Film Review: "She Dies Tomorrow" Reminds Me Why I Love Movies
By Jalyn Mayer, August 1, 2020
Before covid-19 times hit, going to the movies was one of my favorite things to do. Despite the many platforms out there to watch films at home like Netflix, Amazon and Hulu content, I would always make time to hit the movie theater for a new flick at least 3 times a week.
I loved the feeling of being in the theater and watching the crowd's reaction; I loved how the movie could flood me with emotions that sometimes were overwhelming when I watched them. Like most art forms, movies have a certain power to inspire, transform, and most of all, allow us to feel. Sitting in the dark surrounded by strangers provided an escape from everyday life until mid-March when major movie theater chains, including Regal, AMC Theatres and Cinemark, shuttered their location doors due to the coronavirus pandemic.
I didn’t think a digital movie could capture an authentic movie theater experience until I watched (writer-director) Amy Seimetz’s upcoming thriller “She Dies Tomorrow. ” The film stars Kate Lyn Sheil as Amy, a woman whose fearful delusions of her certain death become contagious to those around her.
Amy’s perfect life crumbles at the seams while a death curse infiltrates the surrounding community. Through its haunting visuals, thrilling score, the suspenseful horror builds a world that is impossible not to become lost in, a welcome and necessary diversion in today’s world.
Seimetz might be best known for her acting roles in films such as “Pet Sematary,” however she has quickly made a name for herself directing projects “Sun Don’t Shine” in 2011 and episodes of “The Girlfriend Experience” and “Atlanta.” With a determination not to be creatively stifled by a production company, Seimetz used her own paycheck from her role in Pet Sematary to completely self-fund She Dies Tomorrow. The move proved to be a worthwhile sacrifice, as every scene of this film has a strong, singular voice.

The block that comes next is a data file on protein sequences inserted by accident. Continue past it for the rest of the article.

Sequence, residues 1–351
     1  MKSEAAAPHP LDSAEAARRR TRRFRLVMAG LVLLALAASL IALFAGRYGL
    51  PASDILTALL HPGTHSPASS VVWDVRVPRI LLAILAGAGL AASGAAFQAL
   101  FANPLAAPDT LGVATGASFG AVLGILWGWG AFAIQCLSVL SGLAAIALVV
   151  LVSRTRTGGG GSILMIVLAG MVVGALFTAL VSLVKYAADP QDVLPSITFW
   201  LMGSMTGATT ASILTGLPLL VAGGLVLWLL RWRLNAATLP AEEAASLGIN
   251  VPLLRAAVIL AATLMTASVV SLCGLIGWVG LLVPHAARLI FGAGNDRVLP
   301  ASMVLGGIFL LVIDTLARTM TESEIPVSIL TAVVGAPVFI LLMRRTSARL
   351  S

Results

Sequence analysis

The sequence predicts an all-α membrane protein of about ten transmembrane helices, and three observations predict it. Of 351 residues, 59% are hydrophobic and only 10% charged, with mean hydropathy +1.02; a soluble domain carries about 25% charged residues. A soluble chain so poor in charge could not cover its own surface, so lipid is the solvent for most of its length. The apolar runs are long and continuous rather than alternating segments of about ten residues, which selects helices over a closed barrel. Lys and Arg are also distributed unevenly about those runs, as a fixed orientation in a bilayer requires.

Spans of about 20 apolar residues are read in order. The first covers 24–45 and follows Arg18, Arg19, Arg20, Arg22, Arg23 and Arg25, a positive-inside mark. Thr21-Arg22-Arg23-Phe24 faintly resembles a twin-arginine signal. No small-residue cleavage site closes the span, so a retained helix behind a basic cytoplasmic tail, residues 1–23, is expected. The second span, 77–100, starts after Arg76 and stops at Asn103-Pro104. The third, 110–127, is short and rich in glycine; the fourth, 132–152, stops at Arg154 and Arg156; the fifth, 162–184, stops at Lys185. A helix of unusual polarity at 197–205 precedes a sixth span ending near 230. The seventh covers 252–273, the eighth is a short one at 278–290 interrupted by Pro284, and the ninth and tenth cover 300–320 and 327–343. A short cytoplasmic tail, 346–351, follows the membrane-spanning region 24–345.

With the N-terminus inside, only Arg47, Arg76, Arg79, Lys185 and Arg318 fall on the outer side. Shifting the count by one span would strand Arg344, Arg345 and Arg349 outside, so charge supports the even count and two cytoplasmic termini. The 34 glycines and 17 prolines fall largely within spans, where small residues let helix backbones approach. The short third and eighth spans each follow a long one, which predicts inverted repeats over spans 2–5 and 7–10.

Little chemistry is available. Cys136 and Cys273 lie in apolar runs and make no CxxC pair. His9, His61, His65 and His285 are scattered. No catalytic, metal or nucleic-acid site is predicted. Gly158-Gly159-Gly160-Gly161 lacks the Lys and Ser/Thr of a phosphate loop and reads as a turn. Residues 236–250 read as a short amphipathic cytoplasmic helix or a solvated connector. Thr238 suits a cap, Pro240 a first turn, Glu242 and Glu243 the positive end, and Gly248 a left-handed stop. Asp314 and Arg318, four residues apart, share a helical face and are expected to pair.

“All stories are about death to me. Carpe Diem, coming of age, sci-fi, horror obviously.... even love stories are about death. That may sound dark, but none of these moments would matter without the finite span of life. If we lived forever moments of choice would be a dime a dozen”- Amy Seimez
At first, Amy appears to be your average millennial. Pining over an ex-lover. Playing the same song over and over again. But, it’s soon clear that the messy, colored hair and trendy mini dress is a front for something far more sinister. When her close friend Jane (Jane Adams) arrives at her home, Amy shares her grim revelation that she will die tomorrow, setting off the domino effect that will plague every other character in the film. Amy and her friends' lives begin to unravel with a 24 hour deadline to live.
The film toes the line between fantastical and realistic, each scene more haunting than the last. Just when you think you’ve grasped the plot, it zigzags in a completely different direction. Punctuated by the Mondo Boys’ thrilling score, the film takes your attention hostage until the very last shot. You’re left wondering, are they the crazy ones? Or am I?
While the cast’s performance is wholly commendable, Jane Adams stands out as Jane, Amy's good friend. Adams' character slowly descends into madness as she realizes she, too, will die tomorrow. The Tony Award-winning actress convincingly illustrates this gradual comprehension on screen: it is impossible not to emphasize with her. She brings realism to the role, as if what's happening to her could just as easily happen to you too.
The film also stars Katie Aselton, Josh Lucas, Chris Messina, Tunde Adebimpe, Olivia Taylor Dudley, and Michelle Rodriguez.
“You know when you’re on the highway, you know, and then there’s a semi-truck up ahead of you and you know, I just have to speed up and get past that before something really bad happens. That’s what’s going on” - Jane, She Dies Tomorrow